Paraguayan and Peruvian aristocracy sometimes keep pets on their estate lawns where the animals are poorly cared for and often succumb to malnutrition, resulting in more animals being taken from the wild (Brooks 1991, n.d.). Paraguayan mission Indians (primarily Moros) use the thick hide to make sandals which are frequently purchased by tourists as souvenirs(Brooks 1991). Similarly in north-central Argentina tapirs are becoming scarce due to hunting for the hide (Mercolli and Yanosky 1991). In north-central Argentina it was common to use tapir hide from the backstrap, neck, and front legs to make reins and harnesses (Chalukian in litt.). Today these are mostly used by wealthy ranchers as ornamentation (Chalukian in litt.).
Tapirs and palms
Lowland tapir range throughout the tropical forests and savannahs of South America. However, lowland tapir do not use all of these habitats evenly, but selectively use certain landscape features, particularly those important as food sources. One food type of importance to lowland tapir are the palm fruits. Indeed, lowland tapir consume large quantities of fruit for their body size. In a study in northeastern Peru fruit constituted 33% of tapir diets, while leaf and fiber constituted 66% of tapir diets (Bodmer 1990). The fruits consumed most frequently by lowland tapir are palm species, especially the pulp of the Mauritia flexuosa palm (Bodmer 1990) and the pulp and seed of the Maximilliana maripa palm (Fragoso 1994). Other palm fruits commonly consumed by lowland tapir include those from the Oenocarpus bataua, Scheelea sp, and Euterpe edulis palms (M. Galetti pers. comm.).
Lowland tapir actively search for stands of palm trees and selectively use these habitats. In addition, lowland tapir play an important role in the maintenance of palm forests through seed dispersal (Fragoso 1994, Bodmer 1991, Rodrigues et al. 1993). Through spit dispersal the tapirs disperse Mauritia flexuosa seeds within palm patches (Bodmer 1991). This enables young Mauritia flexuosa plants to grow in areas away from the parent plant and in areas with less competition for sunlight.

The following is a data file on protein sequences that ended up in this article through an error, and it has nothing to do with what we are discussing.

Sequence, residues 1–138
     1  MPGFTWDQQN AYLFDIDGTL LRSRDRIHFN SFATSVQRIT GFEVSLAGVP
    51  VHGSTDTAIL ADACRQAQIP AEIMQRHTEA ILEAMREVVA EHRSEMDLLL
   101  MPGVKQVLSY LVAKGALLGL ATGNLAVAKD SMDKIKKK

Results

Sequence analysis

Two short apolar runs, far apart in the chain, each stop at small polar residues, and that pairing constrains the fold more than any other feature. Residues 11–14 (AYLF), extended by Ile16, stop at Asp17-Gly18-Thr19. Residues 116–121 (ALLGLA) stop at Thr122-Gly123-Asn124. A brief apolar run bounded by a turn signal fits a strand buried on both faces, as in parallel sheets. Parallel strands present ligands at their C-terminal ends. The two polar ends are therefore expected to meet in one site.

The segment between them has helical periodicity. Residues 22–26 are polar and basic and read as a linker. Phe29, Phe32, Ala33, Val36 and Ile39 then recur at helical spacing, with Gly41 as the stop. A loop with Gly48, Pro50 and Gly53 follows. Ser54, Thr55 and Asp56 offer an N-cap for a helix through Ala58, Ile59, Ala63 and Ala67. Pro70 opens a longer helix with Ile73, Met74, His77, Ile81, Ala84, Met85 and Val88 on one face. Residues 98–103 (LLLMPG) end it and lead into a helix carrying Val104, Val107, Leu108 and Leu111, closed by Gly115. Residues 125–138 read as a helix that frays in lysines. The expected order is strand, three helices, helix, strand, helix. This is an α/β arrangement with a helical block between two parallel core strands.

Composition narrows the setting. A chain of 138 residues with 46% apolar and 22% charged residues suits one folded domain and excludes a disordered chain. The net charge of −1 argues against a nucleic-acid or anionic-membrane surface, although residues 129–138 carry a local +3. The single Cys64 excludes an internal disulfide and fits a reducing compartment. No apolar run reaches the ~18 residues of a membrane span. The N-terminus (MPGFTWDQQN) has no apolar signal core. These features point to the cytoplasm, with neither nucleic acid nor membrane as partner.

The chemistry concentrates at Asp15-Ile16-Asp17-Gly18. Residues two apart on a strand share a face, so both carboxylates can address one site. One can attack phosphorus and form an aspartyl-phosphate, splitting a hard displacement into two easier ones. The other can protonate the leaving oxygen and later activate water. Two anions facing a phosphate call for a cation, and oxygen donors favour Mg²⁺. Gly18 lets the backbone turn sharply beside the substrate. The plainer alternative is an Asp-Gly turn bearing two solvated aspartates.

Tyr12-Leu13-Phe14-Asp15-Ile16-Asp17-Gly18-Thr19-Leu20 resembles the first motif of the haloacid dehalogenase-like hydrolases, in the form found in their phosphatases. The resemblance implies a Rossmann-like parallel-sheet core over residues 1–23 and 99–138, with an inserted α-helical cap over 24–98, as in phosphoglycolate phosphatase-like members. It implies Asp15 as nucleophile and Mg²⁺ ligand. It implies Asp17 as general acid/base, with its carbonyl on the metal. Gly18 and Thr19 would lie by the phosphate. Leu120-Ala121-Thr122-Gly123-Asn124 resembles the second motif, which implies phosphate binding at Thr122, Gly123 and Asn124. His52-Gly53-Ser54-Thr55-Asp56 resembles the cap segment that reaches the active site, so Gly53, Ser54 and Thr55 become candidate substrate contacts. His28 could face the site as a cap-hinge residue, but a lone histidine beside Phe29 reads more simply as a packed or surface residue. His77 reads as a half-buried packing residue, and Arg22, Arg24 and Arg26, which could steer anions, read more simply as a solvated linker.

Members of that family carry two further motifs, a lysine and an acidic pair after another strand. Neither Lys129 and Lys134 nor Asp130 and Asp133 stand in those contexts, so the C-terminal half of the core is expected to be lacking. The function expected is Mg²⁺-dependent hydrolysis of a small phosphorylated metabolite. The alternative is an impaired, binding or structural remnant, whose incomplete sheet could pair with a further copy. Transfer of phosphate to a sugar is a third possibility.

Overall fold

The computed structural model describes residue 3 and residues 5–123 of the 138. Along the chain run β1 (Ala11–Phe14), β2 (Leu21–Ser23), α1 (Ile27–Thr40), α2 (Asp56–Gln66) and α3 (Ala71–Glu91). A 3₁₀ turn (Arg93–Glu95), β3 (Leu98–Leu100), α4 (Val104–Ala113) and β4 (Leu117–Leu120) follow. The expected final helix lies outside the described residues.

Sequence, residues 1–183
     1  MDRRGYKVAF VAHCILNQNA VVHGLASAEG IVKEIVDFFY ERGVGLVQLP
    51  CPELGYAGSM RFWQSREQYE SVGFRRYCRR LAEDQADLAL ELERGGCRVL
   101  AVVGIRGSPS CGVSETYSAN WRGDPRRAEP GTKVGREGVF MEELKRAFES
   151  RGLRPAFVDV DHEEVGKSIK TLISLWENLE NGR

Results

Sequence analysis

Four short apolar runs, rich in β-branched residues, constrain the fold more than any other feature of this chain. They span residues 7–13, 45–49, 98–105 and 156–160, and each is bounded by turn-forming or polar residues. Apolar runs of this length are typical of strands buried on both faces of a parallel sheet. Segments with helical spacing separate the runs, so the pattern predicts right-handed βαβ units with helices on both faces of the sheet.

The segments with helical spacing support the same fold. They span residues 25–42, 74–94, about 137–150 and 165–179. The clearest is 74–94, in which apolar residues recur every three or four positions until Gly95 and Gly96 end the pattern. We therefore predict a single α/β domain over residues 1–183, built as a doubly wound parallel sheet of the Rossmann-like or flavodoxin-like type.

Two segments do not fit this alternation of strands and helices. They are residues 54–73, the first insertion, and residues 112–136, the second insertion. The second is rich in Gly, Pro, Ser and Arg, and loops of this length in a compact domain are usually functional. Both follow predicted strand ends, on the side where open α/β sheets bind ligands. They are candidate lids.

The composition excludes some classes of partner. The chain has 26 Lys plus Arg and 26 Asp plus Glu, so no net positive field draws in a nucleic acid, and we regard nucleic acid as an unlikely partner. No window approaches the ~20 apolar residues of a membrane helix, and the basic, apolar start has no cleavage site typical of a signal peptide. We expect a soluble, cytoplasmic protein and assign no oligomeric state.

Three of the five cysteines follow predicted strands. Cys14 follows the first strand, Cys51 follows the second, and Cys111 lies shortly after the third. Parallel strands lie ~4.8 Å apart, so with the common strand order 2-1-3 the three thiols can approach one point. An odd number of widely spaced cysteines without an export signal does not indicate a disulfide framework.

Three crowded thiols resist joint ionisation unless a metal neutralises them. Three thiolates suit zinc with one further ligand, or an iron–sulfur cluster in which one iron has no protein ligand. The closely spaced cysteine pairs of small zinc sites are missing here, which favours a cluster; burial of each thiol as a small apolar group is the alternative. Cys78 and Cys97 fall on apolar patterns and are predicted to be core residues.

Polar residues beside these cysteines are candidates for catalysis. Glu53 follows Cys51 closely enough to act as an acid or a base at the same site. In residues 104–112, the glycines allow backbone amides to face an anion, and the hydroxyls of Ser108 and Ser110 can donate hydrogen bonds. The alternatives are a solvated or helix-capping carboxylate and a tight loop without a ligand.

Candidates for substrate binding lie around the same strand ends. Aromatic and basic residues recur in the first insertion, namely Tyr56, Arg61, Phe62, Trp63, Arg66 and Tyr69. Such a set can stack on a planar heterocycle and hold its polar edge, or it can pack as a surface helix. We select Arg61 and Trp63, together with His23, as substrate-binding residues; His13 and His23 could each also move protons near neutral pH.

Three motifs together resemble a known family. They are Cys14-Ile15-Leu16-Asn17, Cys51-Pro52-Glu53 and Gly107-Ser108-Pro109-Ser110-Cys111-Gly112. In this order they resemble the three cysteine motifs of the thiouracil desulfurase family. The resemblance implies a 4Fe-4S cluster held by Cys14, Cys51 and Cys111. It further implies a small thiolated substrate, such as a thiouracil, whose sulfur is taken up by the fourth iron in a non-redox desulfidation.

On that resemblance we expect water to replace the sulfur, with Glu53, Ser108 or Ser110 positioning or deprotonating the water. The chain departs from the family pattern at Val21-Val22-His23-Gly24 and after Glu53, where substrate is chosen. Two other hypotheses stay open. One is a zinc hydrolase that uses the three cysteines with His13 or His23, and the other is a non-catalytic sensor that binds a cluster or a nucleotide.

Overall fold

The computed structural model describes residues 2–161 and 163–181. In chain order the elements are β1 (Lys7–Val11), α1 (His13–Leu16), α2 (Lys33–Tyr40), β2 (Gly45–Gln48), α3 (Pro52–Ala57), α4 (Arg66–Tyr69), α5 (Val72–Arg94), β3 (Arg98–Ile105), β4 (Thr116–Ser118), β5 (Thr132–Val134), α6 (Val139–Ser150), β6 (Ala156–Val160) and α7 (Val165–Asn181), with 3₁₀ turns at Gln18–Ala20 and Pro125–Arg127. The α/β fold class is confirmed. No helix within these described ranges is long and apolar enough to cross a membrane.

Lowland tapirs are the most effective dispenser of Maximilliana maripa on Maracá island in northern Brazil (Fragoso 1994). Tapirs disperse Maximilliana maripa by passing seeds whole through their digestive tract and defecating the seeds in clumped areas known as latrines.
Rodents in turn often act as secondary dispensers and remove Maximilliana maripa from tapir defecations (Fragoso 1994).
Threats to palm forest in Amazonia and other regions
Rural people throughout South America also harvest large amounts of palm fruit. Palm fruits are the most important non-timber plant resource in the Amazon and contribute 61% of the market value for wild fruit production in the Peruvian Amazon (calculated from Peters et al. 1989), with fruits of Mauritia flexuosa and Oenocarpus batana being most important Mauritia flexuosa palms occur in virtually monotypic stands in the Peruvian Amazon and account for approximately 2.35%, of the Peruvian rainforest (CORESPA 1986).